WASHINGTON D.C. — Utah’s Governor Gary Herbert spent the day in Washington, D.C. with the National Governor’s Association, delivering the State of the States address on the first day of the 114th Congress, and also with President Barack Obama in the Oval Office. The governor relayed the main points he had made at each meeting in a press briefing while in the nation’s capitol.
While addressing the media, the Governor said that he made a strong case for the controversial “work requirement” aspect of his Healthy Utah plan for expanding Medicaid in the Beehive State, as he spent almost an hour with President Obama in the Oval Office.
In his leadership position with the Governor’s Association, Herbert has always maintained that the states are “the laboratories of democracy,” and as such should have the ability to be “equal partners” with the federal government, and not be considered “junior partners” when it comes to valuable efforts in experimentation and alternatives to federal government solutions to national problems. The effort to expand Medicaid in Utah has covered months of deliberations and exhaustive efforts by Utah’s Department of Health, a state task force of legislators, and Obama’s Department of Health and Human Services (HHS) which controls the federal dollars involved.
“While at the White House today, [Colorado Governor John] Hickenlooper and I met with the President and his staff and discussed matters of economics and trade, in addition to transportation and funding of critical infrastructure within Utah.” When asked about Medicaid expansion by reporters, Governor Herbert said he told the President that Utah had not been able to get the “work requirement” portion of his Healthy Utah plan past HHS, but that he felt it was an important concept to include.
Herbert stated that the President would have HHS Secretary Sylvia Burwell “revisit” the concept, and because of his discussion in the Oval Office, in the Governor’s words, “that [work requirement] door’s not closed.” The concept has been discussed thoroughly in Utah by state policymakers, and is characterized as an additional benefit of the Medicaid program where the “able-bodied” would be required to work or to improve their work status to qualify for the benefit as administered by the state.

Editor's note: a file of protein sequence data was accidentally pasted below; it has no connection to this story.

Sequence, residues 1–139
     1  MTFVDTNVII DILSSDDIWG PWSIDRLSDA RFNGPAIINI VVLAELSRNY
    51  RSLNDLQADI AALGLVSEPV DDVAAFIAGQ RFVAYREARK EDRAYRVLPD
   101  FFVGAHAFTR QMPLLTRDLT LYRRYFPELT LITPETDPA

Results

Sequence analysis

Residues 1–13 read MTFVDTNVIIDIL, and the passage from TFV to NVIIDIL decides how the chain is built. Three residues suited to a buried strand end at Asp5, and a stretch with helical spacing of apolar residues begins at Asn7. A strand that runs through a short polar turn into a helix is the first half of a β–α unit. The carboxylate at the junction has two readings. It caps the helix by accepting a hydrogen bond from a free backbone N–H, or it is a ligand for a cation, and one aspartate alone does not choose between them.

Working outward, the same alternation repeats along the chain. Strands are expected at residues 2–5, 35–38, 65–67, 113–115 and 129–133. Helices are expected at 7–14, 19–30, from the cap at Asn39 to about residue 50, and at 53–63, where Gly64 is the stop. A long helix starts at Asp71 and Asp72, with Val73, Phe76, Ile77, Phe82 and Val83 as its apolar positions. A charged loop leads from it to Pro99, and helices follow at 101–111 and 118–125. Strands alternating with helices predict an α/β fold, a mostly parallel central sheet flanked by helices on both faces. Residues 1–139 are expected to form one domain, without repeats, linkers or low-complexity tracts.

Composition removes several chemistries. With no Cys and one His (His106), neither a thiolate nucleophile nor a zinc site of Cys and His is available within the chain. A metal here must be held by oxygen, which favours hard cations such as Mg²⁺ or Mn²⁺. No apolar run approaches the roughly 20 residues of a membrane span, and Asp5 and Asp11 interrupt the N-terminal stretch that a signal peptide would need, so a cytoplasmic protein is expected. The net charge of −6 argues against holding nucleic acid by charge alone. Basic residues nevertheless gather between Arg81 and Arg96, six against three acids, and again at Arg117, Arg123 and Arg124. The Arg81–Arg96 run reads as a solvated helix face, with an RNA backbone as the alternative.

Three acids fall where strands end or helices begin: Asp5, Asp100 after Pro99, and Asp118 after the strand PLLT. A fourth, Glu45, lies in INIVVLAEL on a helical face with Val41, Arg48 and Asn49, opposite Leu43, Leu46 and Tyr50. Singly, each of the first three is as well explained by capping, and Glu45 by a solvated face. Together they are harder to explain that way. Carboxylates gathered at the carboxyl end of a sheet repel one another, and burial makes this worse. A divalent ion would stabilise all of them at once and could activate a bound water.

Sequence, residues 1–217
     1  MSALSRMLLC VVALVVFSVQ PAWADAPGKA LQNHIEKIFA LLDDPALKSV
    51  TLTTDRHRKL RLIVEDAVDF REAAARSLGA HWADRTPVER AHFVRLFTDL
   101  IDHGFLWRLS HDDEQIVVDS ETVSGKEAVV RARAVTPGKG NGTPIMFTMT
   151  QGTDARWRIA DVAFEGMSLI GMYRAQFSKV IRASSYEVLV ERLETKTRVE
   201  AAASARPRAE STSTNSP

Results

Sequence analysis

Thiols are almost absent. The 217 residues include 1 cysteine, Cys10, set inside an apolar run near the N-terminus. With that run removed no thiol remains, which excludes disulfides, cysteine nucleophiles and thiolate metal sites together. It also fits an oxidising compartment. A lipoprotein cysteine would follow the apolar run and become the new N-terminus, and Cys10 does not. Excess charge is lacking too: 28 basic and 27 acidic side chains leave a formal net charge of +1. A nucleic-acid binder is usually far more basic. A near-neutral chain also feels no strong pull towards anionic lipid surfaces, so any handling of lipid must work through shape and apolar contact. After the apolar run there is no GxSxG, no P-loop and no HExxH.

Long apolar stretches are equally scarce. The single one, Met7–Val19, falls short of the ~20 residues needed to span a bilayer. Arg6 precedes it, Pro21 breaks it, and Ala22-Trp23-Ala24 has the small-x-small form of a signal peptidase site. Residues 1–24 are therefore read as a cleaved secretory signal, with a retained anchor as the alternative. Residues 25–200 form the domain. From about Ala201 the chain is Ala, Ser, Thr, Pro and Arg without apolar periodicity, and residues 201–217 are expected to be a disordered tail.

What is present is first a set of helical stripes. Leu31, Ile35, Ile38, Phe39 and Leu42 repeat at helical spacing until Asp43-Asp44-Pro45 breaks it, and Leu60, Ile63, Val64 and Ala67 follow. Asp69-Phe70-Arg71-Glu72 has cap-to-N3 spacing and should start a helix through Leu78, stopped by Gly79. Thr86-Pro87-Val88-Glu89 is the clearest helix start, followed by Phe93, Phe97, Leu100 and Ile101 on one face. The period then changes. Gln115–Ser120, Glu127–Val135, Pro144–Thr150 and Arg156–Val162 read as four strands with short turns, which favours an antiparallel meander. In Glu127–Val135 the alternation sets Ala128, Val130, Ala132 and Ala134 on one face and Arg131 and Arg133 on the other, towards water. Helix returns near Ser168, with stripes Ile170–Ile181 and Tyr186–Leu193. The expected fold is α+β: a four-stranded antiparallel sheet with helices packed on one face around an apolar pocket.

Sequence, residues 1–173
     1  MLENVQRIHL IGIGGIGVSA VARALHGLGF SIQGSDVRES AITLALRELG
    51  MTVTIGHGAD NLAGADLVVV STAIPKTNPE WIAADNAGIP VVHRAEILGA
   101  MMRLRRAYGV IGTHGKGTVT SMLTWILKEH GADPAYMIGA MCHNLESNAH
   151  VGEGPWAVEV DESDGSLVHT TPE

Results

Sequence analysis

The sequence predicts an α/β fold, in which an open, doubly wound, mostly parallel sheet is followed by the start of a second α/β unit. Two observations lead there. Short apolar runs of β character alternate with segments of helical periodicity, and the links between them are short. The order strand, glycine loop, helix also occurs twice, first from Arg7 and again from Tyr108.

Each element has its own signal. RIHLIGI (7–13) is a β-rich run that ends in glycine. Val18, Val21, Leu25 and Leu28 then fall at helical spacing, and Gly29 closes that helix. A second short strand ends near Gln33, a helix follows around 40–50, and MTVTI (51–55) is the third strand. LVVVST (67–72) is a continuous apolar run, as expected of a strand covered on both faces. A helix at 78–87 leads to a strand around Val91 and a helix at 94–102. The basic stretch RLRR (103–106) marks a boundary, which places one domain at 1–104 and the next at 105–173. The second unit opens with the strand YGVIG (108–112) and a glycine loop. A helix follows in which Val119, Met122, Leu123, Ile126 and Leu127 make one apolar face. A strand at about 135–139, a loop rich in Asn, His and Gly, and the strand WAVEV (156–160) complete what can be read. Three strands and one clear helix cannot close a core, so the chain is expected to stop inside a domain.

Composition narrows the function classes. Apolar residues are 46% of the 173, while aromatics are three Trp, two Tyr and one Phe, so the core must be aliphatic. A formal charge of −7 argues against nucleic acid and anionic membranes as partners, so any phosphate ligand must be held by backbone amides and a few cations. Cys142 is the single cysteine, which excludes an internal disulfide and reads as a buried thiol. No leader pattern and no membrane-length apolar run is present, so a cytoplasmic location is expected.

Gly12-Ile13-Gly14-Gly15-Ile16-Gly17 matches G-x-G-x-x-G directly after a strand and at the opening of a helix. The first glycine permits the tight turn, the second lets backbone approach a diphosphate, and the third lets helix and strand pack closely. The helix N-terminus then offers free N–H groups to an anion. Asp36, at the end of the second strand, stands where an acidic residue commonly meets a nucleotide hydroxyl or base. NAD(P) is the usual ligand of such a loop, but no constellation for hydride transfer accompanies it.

Herbert indicated that the talks with HHS would resume as early as “next week” now that he has presidential leverage available to push his Healthy Utah plan further toward the goal of returning more than $240 million of Utah taxpayer money to the state over the next three years. The effort has been characterized as a “three-year experiment” and has met with considerable controversy among lawmakers in the Beehive State.
On the control of public lands topic, the Governor did not indicate any further progress to achieve Utah’s goal of taking federally-controlled lands through discussions with Washington officials, with the exception of a meeting Herbert had with Air Force General Mark Welsh of the Joint Chiefs of Staff. Briefly, the additional effort to obtain more acreage for the Bombing Test Training Range for Utah’s west desert in Tooele County is a concept that Utah’s Washington delegation has sought on several levels. Those discussions will be ongoing and may be included in Utah Republican Congressman Rob Bishop’s “Public Lands Initiative,” whereby lands would be set aside by statute, a concept endorsed by Herbert.
Though the Air Force is on board with the concept of additional lands for training more powerful aircraft stationed at Hill Air Force Base, there was no mention in the press conference of Bureau of Land Management negotiators being involved at this point.